Fundamental to providing comprehensive care to patients is the ability to obtain an accurate medical history and carefully perform and interpret a physical examination. The optimal selection of further tests, treatments, and use of subspecialists depends on well-developed skills for taking patient history and a physical diagnosis. An important part of a normal physical examination is obtaining a blood pressure reading and auscultation of the heart tones, which both represent critical cornerstones in evaluating a patient's hemodynamic status and diagnosing and understanding physiological and anatomical pathology.
Naive ideas about circulation and blood pressure date as far back as ancient Greece. It took until the 18th century for the first official report to describe an attempt to measure blood pressure, when Stephen Hales published a monograph on "haemastatics" in 1733. He conducted a series of experiments involving cannulation of arteries in horses and invasive direct blood pressure measurement; unfortunately, his method was not applicable for humans at that time. There were many subsequent contributions to the art of measuring and understanding blood pressure during the next two centuries. One of the greatest of these was described in a publication in Gazetta medica di Torino called "A New Sphygmomanometer" by Dr. Riva-Rocci in 1896; it is recognized as the single most important advancement in practical noninvasive methods for blood pressure estimation in humans.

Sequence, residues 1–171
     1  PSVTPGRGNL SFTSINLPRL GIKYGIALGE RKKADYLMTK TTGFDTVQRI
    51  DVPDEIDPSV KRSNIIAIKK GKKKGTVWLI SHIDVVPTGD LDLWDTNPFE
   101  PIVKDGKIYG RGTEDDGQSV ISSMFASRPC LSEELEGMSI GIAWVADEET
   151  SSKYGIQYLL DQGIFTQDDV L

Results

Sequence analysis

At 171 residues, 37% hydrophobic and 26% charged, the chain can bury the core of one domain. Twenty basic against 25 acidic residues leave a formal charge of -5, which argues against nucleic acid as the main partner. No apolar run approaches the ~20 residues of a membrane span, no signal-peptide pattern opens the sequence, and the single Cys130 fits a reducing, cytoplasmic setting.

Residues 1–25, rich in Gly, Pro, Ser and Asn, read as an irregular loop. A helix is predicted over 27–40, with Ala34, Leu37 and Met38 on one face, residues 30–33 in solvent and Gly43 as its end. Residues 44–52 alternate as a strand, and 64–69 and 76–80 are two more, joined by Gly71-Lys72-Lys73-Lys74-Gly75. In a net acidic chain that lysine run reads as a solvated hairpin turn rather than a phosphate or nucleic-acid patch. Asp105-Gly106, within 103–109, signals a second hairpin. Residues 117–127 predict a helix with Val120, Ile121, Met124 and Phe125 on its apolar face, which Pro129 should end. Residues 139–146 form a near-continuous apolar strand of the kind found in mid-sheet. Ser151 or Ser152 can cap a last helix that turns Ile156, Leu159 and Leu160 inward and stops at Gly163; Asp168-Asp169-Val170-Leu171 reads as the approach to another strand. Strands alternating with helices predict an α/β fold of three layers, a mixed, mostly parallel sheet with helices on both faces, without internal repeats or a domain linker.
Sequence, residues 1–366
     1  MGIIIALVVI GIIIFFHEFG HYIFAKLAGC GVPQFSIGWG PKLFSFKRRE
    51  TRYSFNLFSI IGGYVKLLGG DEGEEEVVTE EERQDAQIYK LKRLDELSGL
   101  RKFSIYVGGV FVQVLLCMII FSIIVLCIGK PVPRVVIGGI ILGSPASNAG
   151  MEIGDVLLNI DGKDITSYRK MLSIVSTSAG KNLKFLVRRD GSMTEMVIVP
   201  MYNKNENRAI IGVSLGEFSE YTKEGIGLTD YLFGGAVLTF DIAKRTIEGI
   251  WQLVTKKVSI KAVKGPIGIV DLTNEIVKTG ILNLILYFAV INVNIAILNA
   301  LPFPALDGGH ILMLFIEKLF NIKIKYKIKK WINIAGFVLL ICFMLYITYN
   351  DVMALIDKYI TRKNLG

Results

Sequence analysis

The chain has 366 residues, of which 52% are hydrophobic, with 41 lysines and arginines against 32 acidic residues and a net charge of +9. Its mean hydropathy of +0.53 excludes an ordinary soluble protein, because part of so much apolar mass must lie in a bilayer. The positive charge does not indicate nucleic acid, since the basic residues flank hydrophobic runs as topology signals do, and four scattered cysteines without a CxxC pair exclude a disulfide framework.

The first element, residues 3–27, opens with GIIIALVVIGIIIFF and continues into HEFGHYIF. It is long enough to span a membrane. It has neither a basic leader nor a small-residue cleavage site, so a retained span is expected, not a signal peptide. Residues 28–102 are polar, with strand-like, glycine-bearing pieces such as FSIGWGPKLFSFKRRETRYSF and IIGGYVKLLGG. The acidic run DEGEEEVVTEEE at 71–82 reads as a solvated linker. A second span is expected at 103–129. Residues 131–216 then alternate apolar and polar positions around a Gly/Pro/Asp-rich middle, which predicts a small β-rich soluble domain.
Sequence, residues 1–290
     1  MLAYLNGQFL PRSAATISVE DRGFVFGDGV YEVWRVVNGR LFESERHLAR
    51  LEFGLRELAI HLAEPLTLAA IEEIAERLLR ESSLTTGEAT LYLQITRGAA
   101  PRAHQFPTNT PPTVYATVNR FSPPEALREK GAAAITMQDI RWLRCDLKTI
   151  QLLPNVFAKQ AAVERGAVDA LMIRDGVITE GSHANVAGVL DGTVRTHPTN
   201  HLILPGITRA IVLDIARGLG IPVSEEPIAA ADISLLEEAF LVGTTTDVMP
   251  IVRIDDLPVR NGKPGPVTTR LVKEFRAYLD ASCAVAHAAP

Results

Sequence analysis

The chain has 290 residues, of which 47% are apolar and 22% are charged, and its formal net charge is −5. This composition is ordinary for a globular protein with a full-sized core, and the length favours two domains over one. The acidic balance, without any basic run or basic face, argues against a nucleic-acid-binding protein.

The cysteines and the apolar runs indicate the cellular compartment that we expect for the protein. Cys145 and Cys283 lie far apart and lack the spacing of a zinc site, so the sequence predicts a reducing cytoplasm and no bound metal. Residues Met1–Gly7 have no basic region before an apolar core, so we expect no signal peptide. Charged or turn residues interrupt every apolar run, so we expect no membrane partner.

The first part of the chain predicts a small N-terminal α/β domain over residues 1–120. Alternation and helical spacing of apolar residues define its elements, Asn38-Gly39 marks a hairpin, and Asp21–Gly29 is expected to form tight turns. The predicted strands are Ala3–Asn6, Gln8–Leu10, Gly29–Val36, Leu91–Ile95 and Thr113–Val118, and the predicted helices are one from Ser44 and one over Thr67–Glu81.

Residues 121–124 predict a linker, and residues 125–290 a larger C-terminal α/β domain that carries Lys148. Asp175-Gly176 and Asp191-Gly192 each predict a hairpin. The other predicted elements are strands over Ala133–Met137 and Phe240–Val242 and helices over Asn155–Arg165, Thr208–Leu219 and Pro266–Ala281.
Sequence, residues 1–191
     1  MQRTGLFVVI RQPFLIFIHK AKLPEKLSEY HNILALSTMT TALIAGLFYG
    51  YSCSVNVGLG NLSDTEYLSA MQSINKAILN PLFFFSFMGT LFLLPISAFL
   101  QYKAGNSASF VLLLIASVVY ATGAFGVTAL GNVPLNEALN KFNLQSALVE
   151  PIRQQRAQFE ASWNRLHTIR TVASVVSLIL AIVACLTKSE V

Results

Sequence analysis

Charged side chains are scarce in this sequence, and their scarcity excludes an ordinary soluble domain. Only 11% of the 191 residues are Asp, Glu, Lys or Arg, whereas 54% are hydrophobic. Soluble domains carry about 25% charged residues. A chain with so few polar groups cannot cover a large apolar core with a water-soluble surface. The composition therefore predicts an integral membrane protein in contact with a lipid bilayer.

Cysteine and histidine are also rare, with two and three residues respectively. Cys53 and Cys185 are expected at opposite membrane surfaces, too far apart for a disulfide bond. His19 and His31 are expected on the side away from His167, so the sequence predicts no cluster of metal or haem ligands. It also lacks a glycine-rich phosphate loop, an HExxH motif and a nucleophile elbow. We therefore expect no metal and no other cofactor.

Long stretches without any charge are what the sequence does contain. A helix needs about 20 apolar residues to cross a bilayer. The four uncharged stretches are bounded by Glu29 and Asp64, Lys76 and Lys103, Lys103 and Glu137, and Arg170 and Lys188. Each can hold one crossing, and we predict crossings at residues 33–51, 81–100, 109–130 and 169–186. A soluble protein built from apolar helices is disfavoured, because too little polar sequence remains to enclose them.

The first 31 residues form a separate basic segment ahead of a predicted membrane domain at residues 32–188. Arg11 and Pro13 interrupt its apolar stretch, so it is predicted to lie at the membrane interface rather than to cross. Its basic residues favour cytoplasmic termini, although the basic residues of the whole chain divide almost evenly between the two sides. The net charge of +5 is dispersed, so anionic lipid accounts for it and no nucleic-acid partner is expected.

From: Handbook of Cardiac Anatomy, Physiology, and Devices Edited by: P. A. Iaizzo © Humana Press Inc., Totowa, NJ
In 1916, French physician Rene Laennec invented the first stethoscope, which was constructed from stacked paper rolled into a solid cylinder. Prior to his invention, physicians around the world would place one of their ears directly on the patient's chest to hear heart or lung sounds. After Dr. Laennec's initial success, several new models were produced, primarily of wood. His stethoscope was called a "monaural stethoscope." The "binaural stethoscope" was invented in 1829 by a physician named Camman in Dublin and later gained wide acceptance; in the 1960s, the Camman stethoscope was considered the standard for superior auscultation.
It is essential that health care professionals and bioengi-neers understand how these important diagnostic parameters are obtained, their sensitivities, and how best to interpret them.